Tristan charges to her rescue and singlehandedly defeats the men six to one. However, he is mortally wounded, and the maiden manages to help him onto his horse, who knows the way home.
However, Isolde of the White Hands has heard whispers of this other Isolde and her liaisons with Tristan. Not willing to risk losing her husband to his long lost love, Isolde, the latter, lies to Tristan, saying that black sales bedeck Kahedin’s ship.
Isolde’s heart is crushed to have arrived too late. She collapses in tears over the lifeless body of the love of her life. Isolde, too, dies of her grief. And thus ends a tragic tale of two young lovers who were wrenched apart by family obligations, and reunited only when it was too late.
Historical Background of the Tale
A pair of young lovers who were never supposed to be together, dying young while one waits for the other, falsely thinking all is lost, and the female character collapsing over the body of her dead love.
We cannot know if Shakespeare had Tristan and Isolde in mind when he wrote his masterpiece. But, we can be sure that he would have been well aware of this story.
The romance of Tristan and Isolde is speculated to pre-date Shakespeare by approximately one thousand years, and may be based on an historical person. In fact, there is more evidence for an historical Tristan than there is for a real Arthur.
There exists in Cornwall a megalith known as “the Tristan Stone.” The stone is thought to date from the 6th century A.D. Inscribed upon it are the words (in translation) “Here lies Drustan, son of Cynvawr.”
This stone is placed close to Castle Dore, which is thought to have been occupied by local chieftains between the 5th and 7th centuries. Cynvawr was in all strongly considered to be one of these chieftains. Furthermore, monk called Wrmonoc recorded in the 9th century that Cynvawr was the same person as King Mark.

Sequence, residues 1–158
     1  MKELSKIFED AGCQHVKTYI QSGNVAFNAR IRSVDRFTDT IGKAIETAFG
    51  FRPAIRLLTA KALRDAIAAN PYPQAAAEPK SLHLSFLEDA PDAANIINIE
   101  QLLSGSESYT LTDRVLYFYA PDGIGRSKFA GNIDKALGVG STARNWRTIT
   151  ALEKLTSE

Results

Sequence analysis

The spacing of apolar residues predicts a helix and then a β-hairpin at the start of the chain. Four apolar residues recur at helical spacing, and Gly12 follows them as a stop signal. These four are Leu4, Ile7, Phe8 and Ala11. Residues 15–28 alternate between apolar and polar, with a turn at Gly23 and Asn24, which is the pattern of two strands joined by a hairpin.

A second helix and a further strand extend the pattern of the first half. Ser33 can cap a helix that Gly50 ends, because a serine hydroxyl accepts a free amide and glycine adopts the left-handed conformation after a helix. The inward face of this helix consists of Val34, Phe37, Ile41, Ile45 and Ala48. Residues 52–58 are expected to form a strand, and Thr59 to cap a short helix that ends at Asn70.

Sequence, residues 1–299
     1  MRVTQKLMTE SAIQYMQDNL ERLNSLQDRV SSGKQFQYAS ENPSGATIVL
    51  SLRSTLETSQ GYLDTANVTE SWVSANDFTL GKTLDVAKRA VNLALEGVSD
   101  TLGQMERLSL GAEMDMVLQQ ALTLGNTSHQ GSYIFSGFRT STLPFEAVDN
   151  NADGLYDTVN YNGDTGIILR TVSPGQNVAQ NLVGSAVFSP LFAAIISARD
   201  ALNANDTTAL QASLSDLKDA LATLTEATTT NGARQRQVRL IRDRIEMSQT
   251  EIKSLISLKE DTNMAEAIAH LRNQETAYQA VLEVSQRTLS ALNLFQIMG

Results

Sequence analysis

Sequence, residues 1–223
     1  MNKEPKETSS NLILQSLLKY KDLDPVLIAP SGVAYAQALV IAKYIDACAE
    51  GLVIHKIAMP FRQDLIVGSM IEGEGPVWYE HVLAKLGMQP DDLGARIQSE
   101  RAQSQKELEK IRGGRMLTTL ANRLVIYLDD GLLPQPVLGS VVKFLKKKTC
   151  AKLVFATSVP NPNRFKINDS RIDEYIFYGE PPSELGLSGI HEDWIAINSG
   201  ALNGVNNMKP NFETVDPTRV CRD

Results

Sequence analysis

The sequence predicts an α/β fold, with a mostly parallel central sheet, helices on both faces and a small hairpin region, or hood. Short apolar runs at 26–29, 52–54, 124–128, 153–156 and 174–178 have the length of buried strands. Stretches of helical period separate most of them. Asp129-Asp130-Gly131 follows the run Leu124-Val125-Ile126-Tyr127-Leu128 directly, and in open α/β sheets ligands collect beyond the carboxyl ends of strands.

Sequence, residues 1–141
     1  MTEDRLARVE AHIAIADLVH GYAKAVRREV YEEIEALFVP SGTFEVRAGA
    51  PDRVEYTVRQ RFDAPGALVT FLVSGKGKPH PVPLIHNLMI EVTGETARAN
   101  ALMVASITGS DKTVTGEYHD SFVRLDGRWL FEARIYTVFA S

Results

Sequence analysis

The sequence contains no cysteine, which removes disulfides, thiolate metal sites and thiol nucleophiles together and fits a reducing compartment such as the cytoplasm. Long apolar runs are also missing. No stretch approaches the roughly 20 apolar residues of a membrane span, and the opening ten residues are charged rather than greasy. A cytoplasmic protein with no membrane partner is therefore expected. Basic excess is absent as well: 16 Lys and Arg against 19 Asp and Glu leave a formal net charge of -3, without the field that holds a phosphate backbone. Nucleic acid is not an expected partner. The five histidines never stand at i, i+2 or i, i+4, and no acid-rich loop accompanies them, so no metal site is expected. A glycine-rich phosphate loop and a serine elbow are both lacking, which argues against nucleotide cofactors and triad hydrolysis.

Whatever its true origins are, it seems likely that legends of Tristan began independently of those about Arthur.
Perhaps the Irish tales mentioned above were grafted onto legends of a true Cornish prince. Eventually, this tale was merged with Arthurian legend, and Tristan became a knight of the round table.
By the high middle ages, Tristan and Isolde’s love story had become extremely popular. The story first circulated among the Celtic lands mentioned above, as well as in Celtic Brittany.
From there it traveled outward among the Anglo-Normans and over to audiences in France and Germany.
As Arthurian legend evolved over the centuries, tales of Tristan as a knight of the round table continued to be told, as well as his and Isolde’s own independent love story.
Their last medieval mention is in Thomas Malory's famous fifteenth-century masterpiece, “Le Morte d'Arthur.” Afterwards, the story falls off the radar, apart from two minor exceptions, until the 19th century.
Scottish poet Sir Walter Scot reignited interest in our two lovers in a poem about them which was included in his “Minstrelsy of the Scottish Border,” published in 1802.
Subsequent writers and poets who found inspiration from Tristan and Isolde include Alfred, Lord Tennyson, Thomas Hardy, John Updike, and Diana Paxson.
Perhaps the most famous is Richard Wagner, who featured them in his famous German language opera of the same name.